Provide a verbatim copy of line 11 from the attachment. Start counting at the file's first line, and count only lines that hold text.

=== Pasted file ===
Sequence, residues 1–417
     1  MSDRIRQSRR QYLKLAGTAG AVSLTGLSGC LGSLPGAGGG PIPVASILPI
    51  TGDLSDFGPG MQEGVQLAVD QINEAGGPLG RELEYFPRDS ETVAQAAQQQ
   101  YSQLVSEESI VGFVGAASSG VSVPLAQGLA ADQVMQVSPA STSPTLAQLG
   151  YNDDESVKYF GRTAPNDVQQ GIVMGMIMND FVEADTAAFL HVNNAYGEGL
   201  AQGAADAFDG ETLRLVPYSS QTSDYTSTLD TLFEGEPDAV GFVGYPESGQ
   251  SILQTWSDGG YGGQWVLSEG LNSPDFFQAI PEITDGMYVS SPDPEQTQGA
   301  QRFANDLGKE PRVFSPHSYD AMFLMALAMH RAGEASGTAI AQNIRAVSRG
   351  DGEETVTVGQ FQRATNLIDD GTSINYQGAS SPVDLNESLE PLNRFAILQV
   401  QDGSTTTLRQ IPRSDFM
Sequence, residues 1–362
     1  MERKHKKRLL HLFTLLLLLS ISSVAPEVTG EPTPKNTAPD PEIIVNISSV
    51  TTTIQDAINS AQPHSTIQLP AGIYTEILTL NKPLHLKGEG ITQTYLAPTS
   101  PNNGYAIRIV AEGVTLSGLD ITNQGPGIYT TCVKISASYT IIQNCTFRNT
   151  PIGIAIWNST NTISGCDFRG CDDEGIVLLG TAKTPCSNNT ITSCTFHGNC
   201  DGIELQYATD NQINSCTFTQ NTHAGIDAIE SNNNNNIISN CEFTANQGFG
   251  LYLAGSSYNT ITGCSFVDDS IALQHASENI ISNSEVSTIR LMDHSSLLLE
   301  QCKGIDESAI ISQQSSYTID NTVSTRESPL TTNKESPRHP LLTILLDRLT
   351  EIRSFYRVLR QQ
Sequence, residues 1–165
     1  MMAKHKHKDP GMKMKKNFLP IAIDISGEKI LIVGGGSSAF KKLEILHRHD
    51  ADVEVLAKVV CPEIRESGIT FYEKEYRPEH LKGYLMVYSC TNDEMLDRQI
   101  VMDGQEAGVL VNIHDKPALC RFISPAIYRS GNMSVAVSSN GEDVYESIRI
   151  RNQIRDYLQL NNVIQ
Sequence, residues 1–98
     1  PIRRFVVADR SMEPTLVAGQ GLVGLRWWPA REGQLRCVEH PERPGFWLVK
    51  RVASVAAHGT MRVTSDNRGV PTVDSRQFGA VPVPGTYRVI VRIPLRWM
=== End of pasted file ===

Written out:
Sequence, residues 1–362